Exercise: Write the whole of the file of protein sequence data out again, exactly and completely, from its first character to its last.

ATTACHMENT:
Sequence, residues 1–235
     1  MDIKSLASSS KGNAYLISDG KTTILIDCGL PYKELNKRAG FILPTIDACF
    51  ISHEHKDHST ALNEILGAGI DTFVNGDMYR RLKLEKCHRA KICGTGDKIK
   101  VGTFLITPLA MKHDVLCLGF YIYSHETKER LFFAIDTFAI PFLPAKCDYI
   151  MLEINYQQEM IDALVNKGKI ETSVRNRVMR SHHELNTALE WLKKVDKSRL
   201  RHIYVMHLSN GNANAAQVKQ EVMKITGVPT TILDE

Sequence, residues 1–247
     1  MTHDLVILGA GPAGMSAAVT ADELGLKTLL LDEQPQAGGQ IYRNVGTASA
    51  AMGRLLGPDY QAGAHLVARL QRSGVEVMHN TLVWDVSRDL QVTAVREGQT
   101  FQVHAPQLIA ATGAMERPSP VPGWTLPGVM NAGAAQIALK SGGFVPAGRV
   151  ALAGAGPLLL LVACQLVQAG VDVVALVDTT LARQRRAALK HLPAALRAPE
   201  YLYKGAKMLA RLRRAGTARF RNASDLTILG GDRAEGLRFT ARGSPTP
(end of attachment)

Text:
Sequence, residues 1–235
     1  MDIKSLASSS KGNAYLISDG KTTILIDCGL PYKELNKRAG FILPTIDACF
    51  ISHEHKDHST ALNEILGAGI DTFVNGDMYR RLKLEKCHRA KICGTGDKIK
   101  VGTFLITPLA MKHDVLCLGF YIYSHETKER LFFAIDTFAI PFLPAKCDYI
   151  MLEINYQQEM IDALVNKGKI ETSVRNRVMR SHHELNTALE WLKKVDKSRL
   201  RHIYVMHLSN GNANAAQVKQ EVMKITGVPT TILDE

Sequence, residues 1–247
     1  MTHDLVILGA GPAGMSAAVT ADELGLKTLL LDEQPQAGGQ IYRNVGTASA
    51  AMGRLLGPDY QAGAHLVARL QRSGVEVMHN TLVWDVSRDL QVTAVREGQT
   101  FQVHAPQLIA ATGAMERPSP VPGWTLPGVM NAGAAQIALK SGGFVPAGRV
   151  ALAGAGPLLL LVACQLVQAG VDVVALVDTT LARQRRAALK HLPAALRAPE
   201  YLYKGAKMLA RLRRAGTARF RNASDLTILG GDRAEGLRFT ARGSPTP